Tunitas Creek Beach
San Mateo County envisions turning the area around Tunitas Creek Beach into a maintained public park. Review file photo

As part of a longstanding effort to establish a county park at Tunitas Creek Beach, last week, San Mateo County officials voted to purchase the 58-acre property from the Peninsula Open Space Trust for $3.2 million.

The acquisition was supported by a grant from the California State Coastal Conservancy. While the county has managed the coastal property since 2017, the purchase is the latest in a series of steps that officials and partner agencies have taken to preserve the site and make it accessible to the public.

Supervisor Don Horsley extolled the property’s virtues at the May 14 meeting. He described the stretch of coastline as one of the most marvelous in San Mateo County. Horsley acknowledged the work of the Parks Department, in conjunction with other organizations like the Peninsula Open Space Trust, in making the deal possible.

“It is really a phenomenal and exciting addition to our parks system,” he added.

Located several miles south of Half Moon Bay, the coastal property contains a perennial stream and freshwater marsh, alongside several protected species like the California red-legged frog, San Francisco garter snake and the western snowy plover, said Deputy Parks Director Nicholas Calderon.

“But all that said, nothing can beat the natural beauty of this property,” added Calderon, as slides of towering bluffs and tranquil creeks flashed overhead.

But over time, the property’s natural beauty has been severely damaged by poor management and improper public use. Calderon said that the winding paths that traverse the area’s steep bluffs was created by visitors to the beach, serving as a beacon for overnight camping, poaching, bonfires and raves.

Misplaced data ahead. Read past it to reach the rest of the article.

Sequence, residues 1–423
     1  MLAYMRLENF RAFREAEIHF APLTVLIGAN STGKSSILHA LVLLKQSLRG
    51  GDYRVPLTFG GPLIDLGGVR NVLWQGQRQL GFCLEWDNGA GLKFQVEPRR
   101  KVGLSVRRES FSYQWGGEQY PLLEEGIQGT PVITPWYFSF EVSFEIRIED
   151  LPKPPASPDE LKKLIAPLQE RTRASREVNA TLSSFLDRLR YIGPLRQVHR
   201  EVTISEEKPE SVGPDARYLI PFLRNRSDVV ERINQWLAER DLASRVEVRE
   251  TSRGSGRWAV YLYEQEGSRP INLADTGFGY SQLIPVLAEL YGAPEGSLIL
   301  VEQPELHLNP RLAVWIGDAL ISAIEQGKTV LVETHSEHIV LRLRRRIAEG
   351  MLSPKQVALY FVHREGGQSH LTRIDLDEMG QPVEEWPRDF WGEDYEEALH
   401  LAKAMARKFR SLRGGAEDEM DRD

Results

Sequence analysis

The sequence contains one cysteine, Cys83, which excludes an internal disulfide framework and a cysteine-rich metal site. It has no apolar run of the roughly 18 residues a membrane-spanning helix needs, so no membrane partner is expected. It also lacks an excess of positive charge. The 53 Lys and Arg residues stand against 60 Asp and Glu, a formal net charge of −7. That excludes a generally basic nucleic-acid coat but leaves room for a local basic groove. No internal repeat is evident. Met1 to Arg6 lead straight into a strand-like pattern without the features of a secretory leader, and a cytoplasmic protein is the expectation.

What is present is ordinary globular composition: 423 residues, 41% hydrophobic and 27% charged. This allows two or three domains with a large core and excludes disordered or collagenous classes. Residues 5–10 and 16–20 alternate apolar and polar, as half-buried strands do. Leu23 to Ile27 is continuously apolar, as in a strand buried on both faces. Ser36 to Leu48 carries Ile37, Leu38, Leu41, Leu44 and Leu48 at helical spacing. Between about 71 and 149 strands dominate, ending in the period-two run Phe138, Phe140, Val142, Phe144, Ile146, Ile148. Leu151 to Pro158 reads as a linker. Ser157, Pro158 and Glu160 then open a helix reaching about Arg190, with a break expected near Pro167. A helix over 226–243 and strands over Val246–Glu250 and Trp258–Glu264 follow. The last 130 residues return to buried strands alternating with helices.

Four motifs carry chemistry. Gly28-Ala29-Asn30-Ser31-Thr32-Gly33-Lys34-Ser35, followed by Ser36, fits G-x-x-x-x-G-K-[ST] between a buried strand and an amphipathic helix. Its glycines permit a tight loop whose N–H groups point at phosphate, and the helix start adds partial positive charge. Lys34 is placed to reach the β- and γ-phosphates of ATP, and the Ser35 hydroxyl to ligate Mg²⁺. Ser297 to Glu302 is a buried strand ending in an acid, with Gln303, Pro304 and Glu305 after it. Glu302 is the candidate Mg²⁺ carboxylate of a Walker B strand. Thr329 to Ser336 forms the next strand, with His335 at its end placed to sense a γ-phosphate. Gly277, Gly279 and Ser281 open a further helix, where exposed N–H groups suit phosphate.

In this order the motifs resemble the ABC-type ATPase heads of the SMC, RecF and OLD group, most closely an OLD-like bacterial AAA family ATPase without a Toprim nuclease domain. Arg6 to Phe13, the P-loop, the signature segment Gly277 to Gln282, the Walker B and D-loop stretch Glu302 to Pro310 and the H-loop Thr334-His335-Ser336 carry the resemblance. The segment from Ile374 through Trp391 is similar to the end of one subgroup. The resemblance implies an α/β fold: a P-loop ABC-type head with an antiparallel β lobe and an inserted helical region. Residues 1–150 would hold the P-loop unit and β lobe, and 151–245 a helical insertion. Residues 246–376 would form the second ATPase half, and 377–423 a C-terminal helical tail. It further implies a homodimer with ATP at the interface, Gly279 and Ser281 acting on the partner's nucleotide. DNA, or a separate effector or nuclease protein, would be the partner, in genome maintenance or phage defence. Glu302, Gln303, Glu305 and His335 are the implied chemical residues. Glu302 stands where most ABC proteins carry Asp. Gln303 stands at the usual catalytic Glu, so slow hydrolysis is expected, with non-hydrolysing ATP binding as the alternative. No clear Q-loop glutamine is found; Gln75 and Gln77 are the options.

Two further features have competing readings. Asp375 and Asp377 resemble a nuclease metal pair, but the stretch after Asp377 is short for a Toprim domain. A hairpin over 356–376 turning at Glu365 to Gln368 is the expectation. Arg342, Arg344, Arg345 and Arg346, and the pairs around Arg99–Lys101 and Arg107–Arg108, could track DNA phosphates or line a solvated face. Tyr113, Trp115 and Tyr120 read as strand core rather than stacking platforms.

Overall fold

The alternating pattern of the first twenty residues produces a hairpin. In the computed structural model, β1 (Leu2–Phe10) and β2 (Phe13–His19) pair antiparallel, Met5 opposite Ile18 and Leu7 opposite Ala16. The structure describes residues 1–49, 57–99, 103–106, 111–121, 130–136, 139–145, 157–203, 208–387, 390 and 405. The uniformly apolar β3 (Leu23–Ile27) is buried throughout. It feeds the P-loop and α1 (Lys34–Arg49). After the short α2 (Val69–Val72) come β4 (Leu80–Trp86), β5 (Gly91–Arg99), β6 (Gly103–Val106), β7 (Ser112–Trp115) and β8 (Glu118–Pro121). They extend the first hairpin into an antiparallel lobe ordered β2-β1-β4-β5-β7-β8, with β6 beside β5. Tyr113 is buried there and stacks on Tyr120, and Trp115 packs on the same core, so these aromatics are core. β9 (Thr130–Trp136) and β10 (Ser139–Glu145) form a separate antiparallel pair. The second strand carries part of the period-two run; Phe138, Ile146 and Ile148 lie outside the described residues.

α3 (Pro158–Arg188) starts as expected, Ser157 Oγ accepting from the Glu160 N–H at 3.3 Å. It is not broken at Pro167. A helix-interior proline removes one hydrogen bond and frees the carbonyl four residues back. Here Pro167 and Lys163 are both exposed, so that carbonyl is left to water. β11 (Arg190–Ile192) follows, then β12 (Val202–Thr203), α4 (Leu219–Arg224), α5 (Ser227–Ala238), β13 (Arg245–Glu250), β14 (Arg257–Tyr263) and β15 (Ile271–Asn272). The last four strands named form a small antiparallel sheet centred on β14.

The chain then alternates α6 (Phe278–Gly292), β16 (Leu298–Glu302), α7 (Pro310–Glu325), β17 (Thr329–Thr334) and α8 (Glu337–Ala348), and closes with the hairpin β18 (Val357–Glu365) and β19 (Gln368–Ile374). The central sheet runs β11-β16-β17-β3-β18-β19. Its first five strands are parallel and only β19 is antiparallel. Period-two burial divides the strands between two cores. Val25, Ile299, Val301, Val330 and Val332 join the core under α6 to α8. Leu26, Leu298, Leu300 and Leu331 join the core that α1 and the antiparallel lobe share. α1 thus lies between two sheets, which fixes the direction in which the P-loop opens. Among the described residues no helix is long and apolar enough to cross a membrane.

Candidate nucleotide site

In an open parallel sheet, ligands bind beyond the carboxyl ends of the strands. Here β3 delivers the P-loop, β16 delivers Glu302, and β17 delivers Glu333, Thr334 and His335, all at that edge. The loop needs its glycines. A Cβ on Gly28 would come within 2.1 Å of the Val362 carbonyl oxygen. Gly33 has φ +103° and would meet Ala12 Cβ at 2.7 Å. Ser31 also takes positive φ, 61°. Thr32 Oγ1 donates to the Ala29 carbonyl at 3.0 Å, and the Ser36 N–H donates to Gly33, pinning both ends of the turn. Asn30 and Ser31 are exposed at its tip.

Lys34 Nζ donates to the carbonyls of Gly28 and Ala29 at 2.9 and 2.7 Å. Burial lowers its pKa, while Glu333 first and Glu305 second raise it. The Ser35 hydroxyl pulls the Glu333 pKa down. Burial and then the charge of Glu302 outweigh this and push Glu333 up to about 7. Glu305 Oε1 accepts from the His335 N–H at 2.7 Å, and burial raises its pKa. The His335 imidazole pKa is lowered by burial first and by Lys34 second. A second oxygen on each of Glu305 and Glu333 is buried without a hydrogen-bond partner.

POST purchased the property from private owners in 2017, explained Calderon. Since then, it has been managed by the San Mateo County Parks Department.

“Through (that) management, rangers have conducted extensive outreach and education to beach users,” said Calderon. “And we’ve seen a decrease in damaging activities at the property.”

The Parks Department has also worked with state officials to cite poachers and make improvements to the property, including an emergency access path, as well as utilities and additional paving.

Calderon also acknowledged the contributions of state legislators in the longstanding efforts to turn the property into a county park. They secured $5 million toward the project last year.

The conditions for the $3.2 million grant provided by the Coastal Conservancy include requirements that the county maintain and manage the property for public access, issue a report documenting the site’s physical and environmental conditions, and continue to monitor those conditions every five years.

Calderon added that, as part of the agreement with POST, the county would be responsible for managing Purisma Coastal Trail, south of Half Moon Bay.

“I really want to express my appreciation to the Parks Department,” said Horsley. “ We’ve seen pictures of the massive numbers of people and the way in which they were clambering down the access (trail). And it really is dangerous. We know that people have broken ankles and we’ve had to have people carted off the beach, (whether) over the abuse of substances or because of a fall. To get down there was almost impossible.

“The Parks Department, in a really quick period of time, created an access road to get a fire truck or an ambulance down there,” he added. “And they’ve done a remarkable job of controlling (the property). Most of the damaging, illegal activity has pretty much ceased. I credit them with that.”

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